New Orleans was brief, and freezing. The first night we wandered around for hours, clutching paper mugs filled with hot black tea and whiskey; ducking into little cafes and restaurants just to get away from the cold. Not wanting to turn down onto Bourbon Street, which already looked as though it was swaying and sodden with booze, we darted sharply right, climbing up a small set of stairs off a cobblestone street and into a tiny used bookstore with narrow, labyrinthine stacks of books. This New Orleans was beautiful, with the lights of the homes and restaurants glowing warm and gold against the freezing wind, but it was the New Orleans of the next day that has tucked itself somewhere in my bones.
St. Roch is the patron saint of good health (and dogs, and bachelors, and people falsely accused of a crime, and tile-makers), and so his shrine is a site for those seeking healing. Inside the sanctuary the offerings to him come in the form of prosthetic legs, crutches, casts, leg braces, false teeth, and other medical ephemera. Some have left coins, letters, papers, books. It is impossibly quiet, in the lonely way of all cemetery chapels, with the offerings behind a rusty iron gate in the corner off the altar.
Yet the loneliness of the chapel in all its shapeless longing couldn’t be felt in the cemetery yard itself, with its bright blue and white walls — the exact shade of the sharp winter sky — and the shocks of bright plastic flowers adorning every stone, scattered over the ground in endless gold and crimson.
Cemeteries in New Orleans are called Cities of the Dead, with the departed interred above ground in stone vaults as a natural correction for the fact of building a city below sea-level, on swamp-land. And they are like cities: the dead built firmly into stone, the neon of plastic flora, the glow of votive candles — lively, almost. No pun intended. These cemeteries are part of the world of the living — there are no illusions of separation here.
Louisiana has always held a certain magic for me — a nameless, shapeless pull southward — but I have only stepped onto her soil once in my life, for this single, freezing trip. And so I cannot claim to know New Orleans, and New Orleans did not try to know me.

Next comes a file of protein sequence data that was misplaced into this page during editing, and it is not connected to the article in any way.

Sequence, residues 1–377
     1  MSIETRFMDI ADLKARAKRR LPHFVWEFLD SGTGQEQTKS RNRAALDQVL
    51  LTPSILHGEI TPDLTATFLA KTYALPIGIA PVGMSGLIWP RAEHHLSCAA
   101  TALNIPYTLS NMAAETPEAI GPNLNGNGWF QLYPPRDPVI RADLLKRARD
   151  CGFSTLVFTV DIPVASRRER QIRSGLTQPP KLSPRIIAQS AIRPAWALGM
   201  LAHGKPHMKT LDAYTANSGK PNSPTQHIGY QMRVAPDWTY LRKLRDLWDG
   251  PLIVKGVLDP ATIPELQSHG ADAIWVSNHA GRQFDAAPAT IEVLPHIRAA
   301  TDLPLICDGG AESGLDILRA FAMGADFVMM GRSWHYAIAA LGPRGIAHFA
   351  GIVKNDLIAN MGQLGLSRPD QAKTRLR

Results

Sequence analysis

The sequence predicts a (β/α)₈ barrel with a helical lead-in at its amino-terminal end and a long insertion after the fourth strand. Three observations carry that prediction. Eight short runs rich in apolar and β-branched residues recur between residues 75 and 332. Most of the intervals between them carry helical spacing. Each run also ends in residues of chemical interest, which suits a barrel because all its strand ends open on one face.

I’m not convinced there is a way to ever truly know a place, nor a way to ever fully feel known by a place — not on a conscious level, at least. There are no illusions in New Orleans in that way, either. It doesn’t pretend to know you. It is its own. Wandering the streets and cemeteries there made me feel small — rather in the same way the hills and mountains of Big Bend in West Texas or the pitch-darkness of the subways in New York City make me feel small. It’s the feeling of being inside of something vast that you cannot and will not ever truly know.
That’s comforting to me, at least. It used to frighten me, but these days it feels honest. More than that, it feels safe. Cities are their own ecosystems, just like desert and valley and coastline. They are intricate and connected — we are all just wildlife. It feels safe just to live within something.
So these days, I find myself glad to be wildlife. I am glad to live inside of an ecosystem, and to know that I am beholden to place more than modern life would allow me to believe. It’s a relief to relinquish that control. Our trip to New Orleans was almost two years ago and I am still learning the lessons from it. It’s funny how small seeds can lie dormant and forgotten before suddenly opening, all green and fire.
I went to Louisiana to find something — a quick fix to a vast pain, an easy answer, some form of the bright and shining clarity we are all so sure exists when we are young. I didn’t find it there. I was never meant to. Even so, I tucked my small offering to St. Roch through the iron bars of the shrine. A prayer, of sorts, to no one in particular. A seed.
I think that was the answer.